Purpose: To study whether and under what circumstances HIV can be controlled in chronically infected patients. Method: Nine patients treated with hydroxyurea and didanosine (PANDAs) were compared with 7 patients on highly active antiretroviral therapy (HAART) during an 8-week treatment interruption. Both groups had similar baseline viral load, CD4 count, and length of treatment. Treatment was resumed if viral rebound > 10,000 copies/mL (virological failure) or CD4 count decrease below 200 cells/mm3 (immunological failure) occurred in two consecutive measurements. Results: None of the PANDAs failed. Viral rebound was spontaneously contained, and CD4 count remained stable. Four out of 7 patients in the HAART group failed to control HIV by week 6 and had to restart therapy due to either viremia rebound or CD4 decrease. Before therapy interruption, the PANDAs had a vigorous HIV-specific T cell immune response (median CD4VIR 1.2%), while the HAART-treated patients did not (median CD4VIR 0.2%) (CD4VIR represents the percentage of HIV-specific CD4 subpopulation expressing IFN-γ within the total CD4 population [CD3+, CD4+, IFN-γ+]). This difference was statistically significant (p = .002). Conclusion: This study shows that HIV can be controlled during therapy interruption in patients with established infection, and that control of viral replication correlates with vigorous anti-HIV specific immune responses.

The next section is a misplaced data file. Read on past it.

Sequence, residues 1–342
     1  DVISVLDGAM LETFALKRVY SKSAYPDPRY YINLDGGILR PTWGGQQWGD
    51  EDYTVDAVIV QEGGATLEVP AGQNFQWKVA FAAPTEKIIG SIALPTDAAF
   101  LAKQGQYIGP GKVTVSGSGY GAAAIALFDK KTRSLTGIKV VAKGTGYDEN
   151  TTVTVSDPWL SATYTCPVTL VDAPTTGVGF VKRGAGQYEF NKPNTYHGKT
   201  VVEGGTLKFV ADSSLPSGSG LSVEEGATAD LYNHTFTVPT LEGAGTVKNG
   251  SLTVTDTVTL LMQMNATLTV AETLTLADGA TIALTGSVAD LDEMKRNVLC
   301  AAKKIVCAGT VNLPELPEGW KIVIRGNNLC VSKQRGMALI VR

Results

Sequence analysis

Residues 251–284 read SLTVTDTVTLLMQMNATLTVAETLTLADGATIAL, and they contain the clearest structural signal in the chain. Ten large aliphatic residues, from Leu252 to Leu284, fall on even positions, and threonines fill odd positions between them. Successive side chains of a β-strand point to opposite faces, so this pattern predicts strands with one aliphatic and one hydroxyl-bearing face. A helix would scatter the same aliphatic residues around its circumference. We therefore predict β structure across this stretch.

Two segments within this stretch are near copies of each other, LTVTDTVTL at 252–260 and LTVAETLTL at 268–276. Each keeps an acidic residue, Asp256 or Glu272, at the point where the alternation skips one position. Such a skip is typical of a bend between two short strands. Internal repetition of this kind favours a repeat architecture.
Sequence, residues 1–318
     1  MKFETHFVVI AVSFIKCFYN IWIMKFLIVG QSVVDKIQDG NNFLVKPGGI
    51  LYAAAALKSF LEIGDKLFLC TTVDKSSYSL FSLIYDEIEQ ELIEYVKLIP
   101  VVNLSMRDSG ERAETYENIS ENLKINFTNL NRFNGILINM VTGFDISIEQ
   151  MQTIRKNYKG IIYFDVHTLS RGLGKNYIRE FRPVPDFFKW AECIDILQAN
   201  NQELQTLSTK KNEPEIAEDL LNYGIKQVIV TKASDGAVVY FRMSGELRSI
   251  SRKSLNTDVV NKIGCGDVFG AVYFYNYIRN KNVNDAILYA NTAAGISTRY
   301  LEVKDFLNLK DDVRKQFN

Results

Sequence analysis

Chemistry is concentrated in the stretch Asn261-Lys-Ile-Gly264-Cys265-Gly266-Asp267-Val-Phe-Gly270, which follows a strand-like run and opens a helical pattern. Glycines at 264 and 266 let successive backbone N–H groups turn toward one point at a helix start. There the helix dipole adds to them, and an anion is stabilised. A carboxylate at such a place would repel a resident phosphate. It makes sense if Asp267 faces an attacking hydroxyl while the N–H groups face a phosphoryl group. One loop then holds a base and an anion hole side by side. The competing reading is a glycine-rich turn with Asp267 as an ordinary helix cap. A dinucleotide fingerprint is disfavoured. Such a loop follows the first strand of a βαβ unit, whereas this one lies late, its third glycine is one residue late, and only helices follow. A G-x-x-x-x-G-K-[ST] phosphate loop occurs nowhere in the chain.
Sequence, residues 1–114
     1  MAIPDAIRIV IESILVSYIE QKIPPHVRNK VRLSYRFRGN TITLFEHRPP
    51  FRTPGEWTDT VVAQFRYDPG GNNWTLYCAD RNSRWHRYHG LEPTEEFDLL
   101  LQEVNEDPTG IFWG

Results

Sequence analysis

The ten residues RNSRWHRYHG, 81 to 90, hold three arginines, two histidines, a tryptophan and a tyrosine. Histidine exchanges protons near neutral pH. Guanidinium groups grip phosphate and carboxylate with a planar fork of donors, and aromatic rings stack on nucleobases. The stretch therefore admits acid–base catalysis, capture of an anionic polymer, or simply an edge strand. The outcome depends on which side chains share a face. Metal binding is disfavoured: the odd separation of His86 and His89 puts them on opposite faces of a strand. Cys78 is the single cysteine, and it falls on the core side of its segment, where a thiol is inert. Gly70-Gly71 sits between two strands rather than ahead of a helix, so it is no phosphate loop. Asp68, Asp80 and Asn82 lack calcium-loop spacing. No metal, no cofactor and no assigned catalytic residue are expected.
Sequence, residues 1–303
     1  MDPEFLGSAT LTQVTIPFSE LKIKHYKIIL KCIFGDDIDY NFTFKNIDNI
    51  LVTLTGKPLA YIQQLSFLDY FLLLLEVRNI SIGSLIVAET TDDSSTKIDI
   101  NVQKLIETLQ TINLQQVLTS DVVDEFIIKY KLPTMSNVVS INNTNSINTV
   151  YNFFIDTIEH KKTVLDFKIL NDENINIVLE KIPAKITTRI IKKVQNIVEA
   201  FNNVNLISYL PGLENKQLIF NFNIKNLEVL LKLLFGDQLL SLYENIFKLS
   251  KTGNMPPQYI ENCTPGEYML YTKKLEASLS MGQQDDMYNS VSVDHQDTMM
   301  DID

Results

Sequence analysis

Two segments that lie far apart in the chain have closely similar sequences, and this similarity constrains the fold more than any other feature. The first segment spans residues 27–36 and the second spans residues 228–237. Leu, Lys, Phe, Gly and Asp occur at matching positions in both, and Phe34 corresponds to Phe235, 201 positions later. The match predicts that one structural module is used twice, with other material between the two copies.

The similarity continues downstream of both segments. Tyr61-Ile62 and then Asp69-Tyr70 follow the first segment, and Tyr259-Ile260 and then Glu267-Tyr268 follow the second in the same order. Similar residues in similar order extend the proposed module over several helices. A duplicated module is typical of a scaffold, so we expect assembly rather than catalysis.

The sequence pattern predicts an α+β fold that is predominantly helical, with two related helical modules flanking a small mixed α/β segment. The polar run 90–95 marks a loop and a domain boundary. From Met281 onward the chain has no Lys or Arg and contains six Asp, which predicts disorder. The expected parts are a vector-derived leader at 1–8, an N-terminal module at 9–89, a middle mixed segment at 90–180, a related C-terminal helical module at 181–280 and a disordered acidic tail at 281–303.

|Number of pages||10|
|Journal||HIV Clinical Trials|
|Publication status||Published - 2002|
- Anti-HIV immune response
ASJC Scopus subject areas